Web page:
The tendons and nerves within your hands and wrists are delicate structures that may be susceptible to several conditions causing irritation or impingement. Pressure on these structures caused by obesity, stress, injury or overuse may cause painful symptoms that are further aggravated by the constant use of our hands and wrist, and may interfere with performing simple tasks in your everyday life.
Conditions such as tendonitis or DeQuervain’s disease, can cause pain, swelling, stiffness, and weakness in the wrist, hand, and fingers. Sometimes pain radiates up the arm as well. Tendonitis involves inflammation, pain, and swelling of the tissues surrounding the tendons. Pain usually increases with movement.
Damaged tendons and nerves may be effectively treated through conservative methods that may include rest, immobilization, physical therapy, corticosteroid injections, or over-the-counter medications. More severe cases may require surgery to repair damage that does not respond to other treatments. Untreated tendonitis may lead to chronic symptoms or rupturing of the tendon. As a result it is important to seek medical advice before more damage occurs.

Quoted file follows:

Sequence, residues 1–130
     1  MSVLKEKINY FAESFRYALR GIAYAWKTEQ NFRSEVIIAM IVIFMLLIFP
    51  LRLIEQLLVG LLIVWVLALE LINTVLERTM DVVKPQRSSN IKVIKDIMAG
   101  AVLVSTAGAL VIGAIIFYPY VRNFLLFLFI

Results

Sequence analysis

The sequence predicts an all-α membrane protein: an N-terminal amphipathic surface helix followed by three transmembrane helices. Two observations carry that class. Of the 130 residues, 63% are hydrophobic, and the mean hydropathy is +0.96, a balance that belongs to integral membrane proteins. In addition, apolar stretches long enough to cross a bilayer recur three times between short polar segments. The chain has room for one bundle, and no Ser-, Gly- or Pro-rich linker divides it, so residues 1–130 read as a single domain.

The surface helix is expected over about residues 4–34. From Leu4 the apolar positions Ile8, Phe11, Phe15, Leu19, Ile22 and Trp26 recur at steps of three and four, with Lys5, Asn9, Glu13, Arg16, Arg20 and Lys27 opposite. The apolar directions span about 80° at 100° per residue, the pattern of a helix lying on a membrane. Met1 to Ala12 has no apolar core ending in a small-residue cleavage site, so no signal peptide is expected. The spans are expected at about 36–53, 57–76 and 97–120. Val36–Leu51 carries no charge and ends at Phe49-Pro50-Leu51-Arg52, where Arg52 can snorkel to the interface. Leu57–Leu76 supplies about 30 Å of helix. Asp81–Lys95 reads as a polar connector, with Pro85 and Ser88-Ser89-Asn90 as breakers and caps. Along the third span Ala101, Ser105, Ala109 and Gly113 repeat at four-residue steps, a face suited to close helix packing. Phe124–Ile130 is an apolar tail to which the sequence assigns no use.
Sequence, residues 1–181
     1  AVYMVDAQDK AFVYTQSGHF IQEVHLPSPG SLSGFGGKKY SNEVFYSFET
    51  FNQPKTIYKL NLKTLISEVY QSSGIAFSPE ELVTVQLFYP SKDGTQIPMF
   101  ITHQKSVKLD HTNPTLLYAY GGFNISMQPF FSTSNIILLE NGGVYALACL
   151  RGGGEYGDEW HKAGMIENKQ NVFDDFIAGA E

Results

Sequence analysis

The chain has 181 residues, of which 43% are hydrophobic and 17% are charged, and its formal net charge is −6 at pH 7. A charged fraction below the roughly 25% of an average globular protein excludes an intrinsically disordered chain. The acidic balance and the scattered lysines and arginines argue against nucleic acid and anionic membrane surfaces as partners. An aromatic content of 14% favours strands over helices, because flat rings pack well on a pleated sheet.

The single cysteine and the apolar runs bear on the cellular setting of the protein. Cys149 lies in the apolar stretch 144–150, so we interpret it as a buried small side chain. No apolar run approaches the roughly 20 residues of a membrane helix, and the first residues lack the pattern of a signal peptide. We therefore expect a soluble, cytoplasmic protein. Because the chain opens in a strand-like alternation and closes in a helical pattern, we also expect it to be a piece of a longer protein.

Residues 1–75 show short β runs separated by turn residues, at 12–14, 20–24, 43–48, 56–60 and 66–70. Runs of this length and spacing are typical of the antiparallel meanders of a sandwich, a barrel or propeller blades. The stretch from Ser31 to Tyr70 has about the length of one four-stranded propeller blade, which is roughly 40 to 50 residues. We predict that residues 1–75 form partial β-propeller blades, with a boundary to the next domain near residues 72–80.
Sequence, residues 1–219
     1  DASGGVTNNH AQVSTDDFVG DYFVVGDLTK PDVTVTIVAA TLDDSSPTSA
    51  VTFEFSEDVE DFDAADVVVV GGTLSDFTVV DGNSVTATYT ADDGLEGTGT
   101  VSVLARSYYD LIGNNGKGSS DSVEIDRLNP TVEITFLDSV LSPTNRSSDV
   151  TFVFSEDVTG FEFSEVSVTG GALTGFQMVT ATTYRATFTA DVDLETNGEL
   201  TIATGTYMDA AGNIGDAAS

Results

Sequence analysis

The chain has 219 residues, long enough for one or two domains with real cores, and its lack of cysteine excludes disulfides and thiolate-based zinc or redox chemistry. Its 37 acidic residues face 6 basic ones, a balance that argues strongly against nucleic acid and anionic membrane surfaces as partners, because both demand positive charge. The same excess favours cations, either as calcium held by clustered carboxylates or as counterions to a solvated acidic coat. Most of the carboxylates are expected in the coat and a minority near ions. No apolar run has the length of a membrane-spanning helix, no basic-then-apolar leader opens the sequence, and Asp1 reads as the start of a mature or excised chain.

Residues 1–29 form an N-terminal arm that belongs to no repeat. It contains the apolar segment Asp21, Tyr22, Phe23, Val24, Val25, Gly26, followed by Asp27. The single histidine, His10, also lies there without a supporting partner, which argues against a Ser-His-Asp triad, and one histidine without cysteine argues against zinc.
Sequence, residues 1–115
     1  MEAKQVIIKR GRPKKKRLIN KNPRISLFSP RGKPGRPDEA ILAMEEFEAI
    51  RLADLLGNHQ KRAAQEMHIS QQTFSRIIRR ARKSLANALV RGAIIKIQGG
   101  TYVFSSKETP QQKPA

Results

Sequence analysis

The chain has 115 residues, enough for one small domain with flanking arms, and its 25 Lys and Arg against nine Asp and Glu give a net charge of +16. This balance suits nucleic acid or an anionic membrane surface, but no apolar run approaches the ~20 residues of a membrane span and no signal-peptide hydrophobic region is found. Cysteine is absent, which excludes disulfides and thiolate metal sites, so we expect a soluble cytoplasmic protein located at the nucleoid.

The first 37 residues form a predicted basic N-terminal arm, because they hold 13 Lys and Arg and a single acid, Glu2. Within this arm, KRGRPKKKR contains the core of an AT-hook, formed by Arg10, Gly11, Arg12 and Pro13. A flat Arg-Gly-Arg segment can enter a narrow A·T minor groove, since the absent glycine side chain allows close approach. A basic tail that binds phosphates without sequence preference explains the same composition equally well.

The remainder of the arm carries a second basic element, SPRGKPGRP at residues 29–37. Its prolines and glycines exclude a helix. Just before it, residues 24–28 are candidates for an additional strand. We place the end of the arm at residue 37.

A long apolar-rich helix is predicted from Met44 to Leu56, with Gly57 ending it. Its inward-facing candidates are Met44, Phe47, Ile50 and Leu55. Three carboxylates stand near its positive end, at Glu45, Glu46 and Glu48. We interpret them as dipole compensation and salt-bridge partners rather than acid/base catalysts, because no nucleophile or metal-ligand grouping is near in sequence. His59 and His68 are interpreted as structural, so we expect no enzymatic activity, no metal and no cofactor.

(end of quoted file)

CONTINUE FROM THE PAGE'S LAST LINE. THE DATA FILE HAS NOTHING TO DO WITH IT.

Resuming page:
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Tendon transfers are when a second muscle or tendon unit is connected to the primary tendon that has been damaged or destroyed by disease or trauma. This restores function by an alternate power source.
Examples are when a fractured wrist leaves a rough piece of bone that gradually wears through the tendon that extends the thumb. One of the extra tendons which extends the index finger may be divided distally and attached to the distal segment of the ruptured thumb extensor. This alternate power source returns full extension to the thumb.
Rheumatoid arthritis may cause rough bones to wear through tendons in multiple places in the hand requiring tendon transfers to restore function. Extensor tendon lacerations are typically easier to repair and more reliable in their repair outcome than flexor tendons.